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1983 Nissan Stanza Pricing and Specs

1983 Nissan Stanza
Pricing from

$1,250 to 3,080

Based on third party pricing data

The Nissan Stanza 1983 prices range from $1,250 for the basic trim level Sedan Stanza GL to $3,080 for the top of the range Sedan Stanza GX.

The Nissan Stanza 1983 is available in Leaded Petrol. Engine sizes and transmissions vary from the Sedan 1.6L 4 SP Manual to the Sedan 1.6L 3 SP Automatic.

Sedan

Nissan Stanza Models SPECS PRICE
GL 1.6LLeaded Petrol3 speed automatic $1,800 – 3,080
GL 1.6LLeaded Petrol4 speed manual $1,250 – 2,200
GX 1.6LLeaded Petrol3 speed automatic $1,800 – 3,080
GX 1.6LLeaded Petrol5 speed manual $1,800 – 3,080
SSS 1.6LLeaded Petrol5 speed manual $1,800 – 3,080
* Manufacturer's Suggested Retail Price

Disclaimer: Glass's Information Services (GIS) and Carsguide Autotrader Media Solutions Pty Ltd. (carsguide) provide this information based on data from a range of sources including third parties. Whilst all care has been taken to ensure its accuracy and reliability, GIS and carsguide do not warrant or represent that the information is accurate, reliable, complete, current or suitable for any particular purpose. You should not use or rely upon this information without conducting an independent assessment and valuation of the vehicle.

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Nissan Stanza 1983 FAQs

Check out real-world situations relating to the Nissan here, particularly what our experts have to say about them.

  • Are leaking rubber seals more common in hatchbacks than sedans?

    There’s absolutely no correlation between body styles (hatchback versus sedan) and the propensity for leaking brake cylinders. The difference between your mum’s and your previous car and the Tiida is probably all down to the quality of the parts, not whether it’s a hatch or sedan.

    Brake cylinders leak when the rubber seals inside them fail. But because the cylinder is hidden within the brake drum, a leak is often only found when the car is being serviced or inspected for a roadworthy certificate. And as you’ve found, that’s often too late to prevent the brake shoes becoming contaminated by the leaking brake fluid.

    The best way to avoid leaking brake cylinders is to have the braking system flushed regularly. It’s also important to replace any leaking wheel cylinder with a good quality unit. I’m tipping the reason your cylinders failed the second time was because the original ones were replaced with cheapies (possibly sourced online) which simply weren’t as good as the Nissan originals. Always beware when buying replacement parts of any sort that they’re good quality, particularly when it comes to critical safety systems like brakes.

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  • Why does my 2014 Nissan Qashqai shake when climbing an incline?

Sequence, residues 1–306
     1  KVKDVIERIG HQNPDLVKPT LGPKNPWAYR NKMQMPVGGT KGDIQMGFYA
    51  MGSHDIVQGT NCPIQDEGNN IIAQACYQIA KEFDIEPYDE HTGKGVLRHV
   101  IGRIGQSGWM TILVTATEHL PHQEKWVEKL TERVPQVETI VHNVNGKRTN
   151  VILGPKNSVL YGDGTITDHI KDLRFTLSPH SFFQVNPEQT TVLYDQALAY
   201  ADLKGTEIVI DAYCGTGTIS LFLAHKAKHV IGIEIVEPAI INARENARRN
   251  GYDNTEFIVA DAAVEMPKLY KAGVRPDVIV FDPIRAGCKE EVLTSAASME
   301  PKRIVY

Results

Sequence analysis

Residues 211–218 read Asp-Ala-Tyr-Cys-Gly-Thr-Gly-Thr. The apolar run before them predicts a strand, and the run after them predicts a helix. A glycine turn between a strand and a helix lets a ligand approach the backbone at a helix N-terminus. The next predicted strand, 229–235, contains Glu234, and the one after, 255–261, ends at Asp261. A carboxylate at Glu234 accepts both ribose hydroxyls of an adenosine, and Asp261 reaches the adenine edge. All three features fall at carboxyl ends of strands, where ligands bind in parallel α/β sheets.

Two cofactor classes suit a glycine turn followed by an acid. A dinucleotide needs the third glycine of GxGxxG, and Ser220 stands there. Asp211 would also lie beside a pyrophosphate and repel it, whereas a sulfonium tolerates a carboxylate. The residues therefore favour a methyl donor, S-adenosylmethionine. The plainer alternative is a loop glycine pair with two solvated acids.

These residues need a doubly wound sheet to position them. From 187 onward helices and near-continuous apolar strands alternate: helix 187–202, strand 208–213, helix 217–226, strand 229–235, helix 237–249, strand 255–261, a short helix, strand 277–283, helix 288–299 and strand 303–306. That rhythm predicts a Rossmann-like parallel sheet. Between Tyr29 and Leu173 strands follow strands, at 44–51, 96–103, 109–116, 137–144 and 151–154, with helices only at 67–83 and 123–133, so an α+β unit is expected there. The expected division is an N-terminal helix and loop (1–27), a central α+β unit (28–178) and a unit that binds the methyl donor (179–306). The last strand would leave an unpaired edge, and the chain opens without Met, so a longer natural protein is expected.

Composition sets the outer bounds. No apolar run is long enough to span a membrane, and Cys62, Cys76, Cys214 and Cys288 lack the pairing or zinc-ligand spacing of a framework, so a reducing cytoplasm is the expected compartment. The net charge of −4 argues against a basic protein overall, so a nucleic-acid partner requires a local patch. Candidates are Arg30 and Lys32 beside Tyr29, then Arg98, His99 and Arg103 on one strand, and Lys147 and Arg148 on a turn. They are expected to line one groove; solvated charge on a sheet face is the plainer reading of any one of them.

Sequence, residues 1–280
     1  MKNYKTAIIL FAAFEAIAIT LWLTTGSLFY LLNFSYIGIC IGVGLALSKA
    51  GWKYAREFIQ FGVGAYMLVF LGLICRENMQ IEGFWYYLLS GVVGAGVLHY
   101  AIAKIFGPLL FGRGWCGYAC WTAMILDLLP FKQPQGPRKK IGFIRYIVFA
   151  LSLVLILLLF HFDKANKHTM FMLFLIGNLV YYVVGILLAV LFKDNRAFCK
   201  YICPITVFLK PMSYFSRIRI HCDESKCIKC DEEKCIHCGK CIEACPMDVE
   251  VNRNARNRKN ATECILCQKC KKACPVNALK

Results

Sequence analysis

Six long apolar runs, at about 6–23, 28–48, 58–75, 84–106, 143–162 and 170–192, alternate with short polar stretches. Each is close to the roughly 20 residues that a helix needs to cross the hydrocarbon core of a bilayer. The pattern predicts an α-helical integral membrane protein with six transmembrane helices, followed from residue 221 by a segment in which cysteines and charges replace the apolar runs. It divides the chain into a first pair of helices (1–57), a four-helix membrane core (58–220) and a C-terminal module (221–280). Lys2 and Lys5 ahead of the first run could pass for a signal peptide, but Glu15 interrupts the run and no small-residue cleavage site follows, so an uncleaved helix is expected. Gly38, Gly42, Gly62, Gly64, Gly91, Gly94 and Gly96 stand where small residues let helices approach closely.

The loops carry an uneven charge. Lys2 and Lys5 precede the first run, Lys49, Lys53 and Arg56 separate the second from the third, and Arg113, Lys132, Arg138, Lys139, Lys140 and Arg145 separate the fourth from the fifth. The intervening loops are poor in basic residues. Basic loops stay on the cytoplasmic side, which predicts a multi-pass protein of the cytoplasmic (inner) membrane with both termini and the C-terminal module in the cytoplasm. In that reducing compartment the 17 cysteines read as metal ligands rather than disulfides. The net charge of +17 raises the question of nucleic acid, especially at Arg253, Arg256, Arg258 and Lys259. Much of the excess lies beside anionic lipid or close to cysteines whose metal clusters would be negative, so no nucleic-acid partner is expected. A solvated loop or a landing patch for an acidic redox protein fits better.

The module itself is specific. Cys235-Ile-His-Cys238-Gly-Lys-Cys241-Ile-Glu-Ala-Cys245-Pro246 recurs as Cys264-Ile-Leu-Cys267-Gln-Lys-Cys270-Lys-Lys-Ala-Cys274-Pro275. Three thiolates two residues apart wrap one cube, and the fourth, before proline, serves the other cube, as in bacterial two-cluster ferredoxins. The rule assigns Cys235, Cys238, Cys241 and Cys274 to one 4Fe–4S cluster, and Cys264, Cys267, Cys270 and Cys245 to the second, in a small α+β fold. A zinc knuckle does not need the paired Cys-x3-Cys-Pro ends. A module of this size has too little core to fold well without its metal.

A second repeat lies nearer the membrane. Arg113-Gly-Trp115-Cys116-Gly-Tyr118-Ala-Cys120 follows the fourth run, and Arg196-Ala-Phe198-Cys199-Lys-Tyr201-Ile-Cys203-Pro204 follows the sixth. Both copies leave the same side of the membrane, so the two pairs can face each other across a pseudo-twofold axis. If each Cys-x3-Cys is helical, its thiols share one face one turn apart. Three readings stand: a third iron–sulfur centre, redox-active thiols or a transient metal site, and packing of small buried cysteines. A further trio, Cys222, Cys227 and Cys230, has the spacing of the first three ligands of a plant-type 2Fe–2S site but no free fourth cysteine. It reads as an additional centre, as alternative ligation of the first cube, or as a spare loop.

It sounds as though the vibration you’re experiencing is coming from the driveline. Perhaps it’s the engine but more likely it’s something in the transmission since the problem is worse when the car changes gear. That the problem occurs when climbing a grade suggests that it’s related to the engine being under load at which point the whole driveline – gearbox and driveshafts – are also loaded up.

    It could be something within the transmission itself, a bent driveshaft or even something relatively simple like a worn CV joint. Carefully, and when it’s safe to do so, find a big, open area like a deserted car-park, turn the steering wheel all the way to the left and drive slowly in a tight circle. Now do the same on full right-hand lock. Can you hear any clinking or clunking noises? If you can, you have worn CV joints. If not, you need to dig deeper into the cause and that will require getting the car on a hoist and inspecting the driveline.

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  • Why is my 2012 Nissan X-Trail using a lot of oil?

    Let’s start with the black exhaust pipe. All cars that run on unleaded petrol have a sooty black exhaust. The soot will be thicker if the car isn’t tuned properly, but really, the blackness is just a by-product of burning ULP.

    Your oil use of about a litre every 1500km is getting towards the top of what is acceptable. Even then, it’s more than this engine should consume. The fact is that all engines use some oil, but it’s usually not enough to require topping up between oil changes. But with your usage rate, you’d need to keep a close eye on the dipstick.

    The oil is clearly going somewhere, so check on the ground under where the car is parked each night and look for a pool of oil that suggests the problem is an external leak rather than internal engine wear. From there, have a workshop conduct a compression and leak-down test. The results of this will tell you if the engine’s internal parts are worn and leading to the oil being consumed.

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Disclaimer: You acknowledge and agree that all answers are provided as a general guide only and should not be relied upon as bespoke advice. Carsguide is not liable for the accuracy of any information provided in the answers.